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cooking ribeye

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I want to make a great ribeye steak for my husband tonight. He loves his steak medium rare. Can anyone give me any advice? Please and thank yous.

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  1. Hot as you can get cast iron pan or grill. If indoors - make sure you have a hood & exhaust fan to the outside.

    When the pan is really, really, really hot (a drop of water will form a ball, dance & go POOF faster than you can read this), plop a well seasoned rib-eye (beforehand pat the steak dry with paper towels & liberally apply kosher or coarse sea salt with some ground pepper - let rest for about 3 minutes - the salt starts to draw moisture out of the steak - before cooking).

    Cook for about 3 min or until the side is nicely seared.

    Now for the hard part - medium rare.
    Take your left hand (if you are right handed otherwise reverse) & place the thumb next to the index finger. Feel the pad just below the thumb & then poke the steak with the same finger - that is RARE! Medium rare is the feeling the pad below the index finger feels like.

    Pull the steak at this point, put it on a plate (warmed or not, really doesn't matter & let it rest 5 minutes. Then serve. Personally, I'd pull it at the rare stage if the steak is under an inch thick since the latent heat will tend to cook the steak a bit more than a 1" thick steak.

    3 Replies
    1. re: algct

      Even with the rest after the grill, I find it difficult-impossible to get the internal temperature up to medium rare.

      I use a cast iron grill pan as hot as she'll go. Steak goes on, turning the steak 90 degrees after a minute to get charring instead of burning and those lovely crisscross charring marks. Turn the steak over after 2 minutes and do the 90 degree thing all over again. Total time on the grill pan is 4 minutes. Pop it on a preheated broiler pan into a 325 oven for 5-15 minutes depending on the desired doneness and the size of the steak. If you put the grill pan in the oven, you're likely to end up with well done.

      My advice, guillens89, is practice, practice, practice. The more consistent your steaks are (same butcher, same cut) the more natural it'll become to you.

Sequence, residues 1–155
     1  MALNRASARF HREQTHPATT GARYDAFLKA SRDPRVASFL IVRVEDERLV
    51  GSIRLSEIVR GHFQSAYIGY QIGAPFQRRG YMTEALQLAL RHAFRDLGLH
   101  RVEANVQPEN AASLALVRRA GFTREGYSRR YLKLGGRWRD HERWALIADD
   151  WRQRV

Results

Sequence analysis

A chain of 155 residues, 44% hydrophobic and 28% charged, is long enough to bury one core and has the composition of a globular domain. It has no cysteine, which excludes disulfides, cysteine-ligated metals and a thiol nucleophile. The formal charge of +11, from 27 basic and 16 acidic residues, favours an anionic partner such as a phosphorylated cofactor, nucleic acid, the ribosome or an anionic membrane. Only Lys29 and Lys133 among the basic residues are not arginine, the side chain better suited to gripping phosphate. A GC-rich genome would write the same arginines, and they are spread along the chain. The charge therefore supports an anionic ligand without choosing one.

1. re: Googs

        I just use a plain old cast iron pan - maybe there is a difference in the conduction of heat; flat vs ridges.

        No sear marks though. I just close my eyes & don't look too closely (heh, heh).

        1. re: algct

          Huge conduction difference. Explains much. Thickness of cut could explain more. I like mine no less than 1 and no more than 1.5 inches thick. I also always tie off my steak with twine so the thickness and density is as consistent as possible throughout.

    2. If you have a digital thermometer, a sheet pan & wire rack and a fry pan.....a fool proof method is the Reverse Sear Process. You can look up the process on the internet, or here.....or you can look at the thread below which will guide you and has pictures so you can see the results and what to expect.. Regardless of cut of steak, the process is the same.

      I can give you specific details, as I do not know the temperature you are shooting for and the thickness of the steak. If you do not have the fry pan....you can finish on the grill.

      http://chowhound.chow.com/topics/866603

      1. Season with salt and pepper and bring steak to room temp - about 30 mins. Grill on highest heat setting for 3 mins on side one and 2 mins on side two. Rest for 5 mins. Medium rare if you're starting with a 1.25" thick steak.

        If it's thinner, might need to adjust down to 2 mins side one and 2 mins side two. You're really just looking to make a nice sear on both sides with most of the cooking coming during the rest period from residual heat.

        Cover the steak loosely with foil while it rests.